What is Destination Memory?
Hollywood icon, Bette Davis, is credited with saying “Old age is no place for sissies” and few things seem to illustrate that better than memory issues. With aging comes the weakening of the connections between the neurons in the brain. Forgetfulness, in one form or another, becomes a common complaint. The name of a movie that you just saw is on the tip of your tongue but you just can’t get to it. You walk into a room and find yourself wondering what you are there for.
These experiences become so commonplace and are shared by peers to the point that they are often more apt to initiate jokes than concern. The physiological changes that come with growing older may not be something we would choose, but, in most cases, if we just give it a little time or shift our attention to something else, the information that we were trying to access will come to mind. According to Debra Babcock, M.D., of the National Institute of Neurological Disorders and Stroke, “We’re all accessing the same brain networks to remember things, but we have to call in the troops to do the work when we get older, while we only have to call in a few soldiers when we’re younger.”
Age-related memory lapses are not the same as dementia or a precursor to Alzheimer’s Disease. They can be frustrating but are generally not cause for undue concern. There is a type of age-related memory change that can cause embarrassment and even create problems with certain types of daily activities. This is the inability to remember to whom you have told something and is called destination memory.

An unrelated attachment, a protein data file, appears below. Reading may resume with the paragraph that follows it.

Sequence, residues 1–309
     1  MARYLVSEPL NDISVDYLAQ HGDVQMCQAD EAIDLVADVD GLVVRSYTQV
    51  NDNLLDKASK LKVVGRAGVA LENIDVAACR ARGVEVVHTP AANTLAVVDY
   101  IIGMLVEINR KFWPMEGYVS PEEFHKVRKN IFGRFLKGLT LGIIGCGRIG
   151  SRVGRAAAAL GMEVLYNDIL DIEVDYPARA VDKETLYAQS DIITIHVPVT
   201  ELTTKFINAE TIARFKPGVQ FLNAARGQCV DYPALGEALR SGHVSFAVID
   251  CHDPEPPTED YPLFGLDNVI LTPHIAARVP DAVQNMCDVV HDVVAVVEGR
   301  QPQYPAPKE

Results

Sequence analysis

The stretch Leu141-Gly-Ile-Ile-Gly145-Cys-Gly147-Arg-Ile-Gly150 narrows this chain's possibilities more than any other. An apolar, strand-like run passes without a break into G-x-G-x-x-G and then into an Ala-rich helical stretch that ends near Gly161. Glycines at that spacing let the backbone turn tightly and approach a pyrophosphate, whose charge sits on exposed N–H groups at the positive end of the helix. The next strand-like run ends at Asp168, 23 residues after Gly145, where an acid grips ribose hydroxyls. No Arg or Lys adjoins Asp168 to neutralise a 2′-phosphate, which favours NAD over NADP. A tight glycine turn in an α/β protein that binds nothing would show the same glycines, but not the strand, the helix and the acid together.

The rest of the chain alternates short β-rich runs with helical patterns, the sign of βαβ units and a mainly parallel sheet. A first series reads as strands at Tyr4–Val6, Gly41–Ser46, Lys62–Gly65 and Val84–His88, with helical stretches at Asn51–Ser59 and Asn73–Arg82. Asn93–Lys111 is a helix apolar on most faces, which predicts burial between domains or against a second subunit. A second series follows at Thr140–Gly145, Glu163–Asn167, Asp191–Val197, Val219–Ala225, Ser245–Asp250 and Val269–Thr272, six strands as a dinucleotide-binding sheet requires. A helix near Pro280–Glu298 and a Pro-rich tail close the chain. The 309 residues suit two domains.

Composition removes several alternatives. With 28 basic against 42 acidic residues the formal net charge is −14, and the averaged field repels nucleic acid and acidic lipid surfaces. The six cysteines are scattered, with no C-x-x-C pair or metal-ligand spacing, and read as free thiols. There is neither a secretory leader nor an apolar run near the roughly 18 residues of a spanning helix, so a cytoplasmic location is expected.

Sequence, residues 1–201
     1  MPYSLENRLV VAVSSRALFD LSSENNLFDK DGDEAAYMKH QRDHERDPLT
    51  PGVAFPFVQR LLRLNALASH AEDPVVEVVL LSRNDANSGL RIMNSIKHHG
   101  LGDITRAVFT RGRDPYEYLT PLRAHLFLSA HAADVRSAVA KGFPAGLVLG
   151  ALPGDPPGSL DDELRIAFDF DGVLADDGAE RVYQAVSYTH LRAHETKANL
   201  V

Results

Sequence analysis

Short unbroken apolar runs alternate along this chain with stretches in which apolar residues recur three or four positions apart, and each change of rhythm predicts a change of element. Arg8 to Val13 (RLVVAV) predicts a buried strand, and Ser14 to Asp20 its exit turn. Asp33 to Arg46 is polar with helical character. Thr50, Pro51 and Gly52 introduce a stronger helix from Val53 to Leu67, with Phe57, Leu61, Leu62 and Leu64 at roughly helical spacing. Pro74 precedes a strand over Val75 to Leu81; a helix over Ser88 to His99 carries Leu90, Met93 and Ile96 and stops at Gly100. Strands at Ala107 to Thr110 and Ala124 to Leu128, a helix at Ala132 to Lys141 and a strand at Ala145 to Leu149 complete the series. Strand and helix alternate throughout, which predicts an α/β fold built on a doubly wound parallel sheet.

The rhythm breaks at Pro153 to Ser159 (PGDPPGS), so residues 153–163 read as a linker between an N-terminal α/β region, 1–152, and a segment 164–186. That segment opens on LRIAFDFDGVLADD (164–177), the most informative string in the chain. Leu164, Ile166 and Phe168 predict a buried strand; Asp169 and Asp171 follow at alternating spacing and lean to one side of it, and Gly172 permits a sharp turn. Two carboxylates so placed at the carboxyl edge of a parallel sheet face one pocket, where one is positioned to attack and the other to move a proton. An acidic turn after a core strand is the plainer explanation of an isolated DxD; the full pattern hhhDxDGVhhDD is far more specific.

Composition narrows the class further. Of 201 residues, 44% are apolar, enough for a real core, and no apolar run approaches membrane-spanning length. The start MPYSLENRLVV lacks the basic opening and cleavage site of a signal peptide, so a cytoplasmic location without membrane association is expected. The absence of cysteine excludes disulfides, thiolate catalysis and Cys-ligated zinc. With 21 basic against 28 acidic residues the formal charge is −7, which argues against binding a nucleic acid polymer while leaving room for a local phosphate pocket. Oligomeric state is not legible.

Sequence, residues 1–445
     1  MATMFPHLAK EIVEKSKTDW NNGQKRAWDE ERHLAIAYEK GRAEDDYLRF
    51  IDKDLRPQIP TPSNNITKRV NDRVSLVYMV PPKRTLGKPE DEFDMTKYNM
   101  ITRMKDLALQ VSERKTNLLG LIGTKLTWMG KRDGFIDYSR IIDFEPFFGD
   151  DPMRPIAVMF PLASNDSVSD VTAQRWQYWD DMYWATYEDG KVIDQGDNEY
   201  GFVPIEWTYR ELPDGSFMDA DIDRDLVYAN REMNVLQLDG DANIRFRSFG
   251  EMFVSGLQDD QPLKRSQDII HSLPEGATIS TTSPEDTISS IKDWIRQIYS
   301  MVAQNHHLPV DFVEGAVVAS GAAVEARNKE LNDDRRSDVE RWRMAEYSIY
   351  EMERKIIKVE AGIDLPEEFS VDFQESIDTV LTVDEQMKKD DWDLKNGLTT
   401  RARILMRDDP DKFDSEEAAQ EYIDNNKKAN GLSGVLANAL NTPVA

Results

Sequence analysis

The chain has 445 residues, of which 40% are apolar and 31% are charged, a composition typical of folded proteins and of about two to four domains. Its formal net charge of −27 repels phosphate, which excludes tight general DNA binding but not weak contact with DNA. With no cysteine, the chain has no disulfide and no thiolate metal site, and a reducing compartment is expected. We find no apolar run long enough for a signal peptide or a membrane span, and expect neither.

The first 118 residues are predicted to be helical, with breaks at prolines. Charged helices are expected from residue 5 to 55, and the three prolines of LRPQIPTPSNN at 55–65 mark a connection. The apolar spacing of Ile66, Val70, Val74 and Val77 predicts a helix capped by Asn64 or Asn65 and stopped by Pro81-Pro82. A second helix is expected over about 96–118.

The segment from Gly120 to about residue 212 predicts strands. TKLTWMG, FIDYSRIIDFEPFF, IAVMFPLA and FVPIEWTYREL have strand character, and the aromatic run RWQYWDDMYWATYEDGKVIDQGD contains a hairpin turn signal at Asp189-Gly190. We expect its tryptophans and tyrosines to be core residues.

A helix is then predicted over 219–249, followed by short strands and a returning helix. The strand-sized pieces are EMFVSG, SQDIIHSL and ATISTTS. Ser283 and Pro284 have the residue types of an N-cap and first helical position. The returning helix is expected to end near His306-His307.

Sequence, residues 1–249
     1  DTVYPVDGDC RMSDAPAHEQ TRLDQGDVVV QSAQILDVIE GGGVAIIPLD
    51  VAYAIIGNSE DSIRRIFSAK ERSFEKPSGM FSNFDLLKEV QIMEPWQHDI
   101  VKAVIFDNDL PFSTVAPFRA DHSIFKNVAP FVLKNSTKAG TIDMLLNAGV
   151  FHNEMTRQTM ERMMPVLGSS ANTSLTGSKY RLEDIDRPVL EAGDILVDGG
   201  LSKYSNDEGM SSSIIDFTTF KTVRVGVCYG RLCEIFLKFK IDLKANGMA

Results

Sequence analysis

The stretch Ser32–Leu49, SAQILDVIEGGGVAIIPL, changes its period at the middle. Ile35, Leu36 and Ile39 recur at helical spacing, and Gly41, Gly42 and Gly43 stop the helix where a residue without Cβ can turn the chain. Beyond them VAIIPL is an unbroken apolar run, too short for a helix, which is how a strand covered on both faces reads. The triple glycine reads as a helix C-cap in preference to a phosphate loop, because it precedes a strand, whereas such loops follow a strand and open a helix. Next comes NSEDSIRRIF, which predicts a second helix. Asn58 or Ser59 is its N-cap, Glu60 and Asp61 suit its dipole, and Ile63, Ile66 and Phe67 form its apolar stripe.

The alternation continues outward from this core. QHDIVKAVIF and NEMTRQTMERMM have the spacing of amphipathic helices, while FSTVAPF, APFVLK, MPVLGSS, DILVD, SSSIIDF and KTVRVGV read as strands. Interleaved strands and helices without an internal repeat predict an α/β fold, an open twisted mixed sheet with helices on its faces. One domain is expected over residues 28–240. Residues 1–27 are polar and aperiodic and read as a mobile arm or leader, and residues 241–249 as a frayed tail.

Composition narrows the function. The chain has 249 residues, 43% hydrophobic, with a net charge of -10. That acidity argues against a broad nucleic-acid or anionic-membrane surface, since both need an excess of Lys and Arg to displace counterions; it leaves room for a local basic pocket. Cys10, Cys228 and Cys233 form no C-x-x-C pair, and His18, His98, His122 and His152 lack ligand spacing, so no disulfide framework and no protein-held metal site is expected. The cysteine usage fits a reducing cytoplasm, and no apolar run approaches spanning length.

Source memory, which involves remembering from whom have heard something, seems to be less affected by forgetfulness. Destination memory issues, on the other hand, are common. How many of us have been well into telling a story or sharing a piece of information only to suddenly realize that we have already told this exact same thing to this person before? Or worse, not remember and have to be told: “Oh yes, I remember you telling me that.” This can happen so frequently that some simply preface whatever they are going to say with some version of “I may have already told you this” or “If you’ve heard this, please stop me”.
Besides being embarrassing, having trouble with destination memory can have very practical implications. This is true, for example, in a work setting when a supervisor needs to remember what tasks were assigned to specific employees or when someone in sales has to keep promotional details straight for their clients. Destination memory enhances the flow of everyday communication when we are able to remember what we have already told our conversational partners. It can make a difference in relationships, also, like when a parent or grandparent tells a child that a particular item is going to be theirs, and then doesn’t remember which child they promised.
Despite its practical relevance and unlike most other types of memory issue, destination memory has received very little attention from researchers. Definitely, more study needs to be done.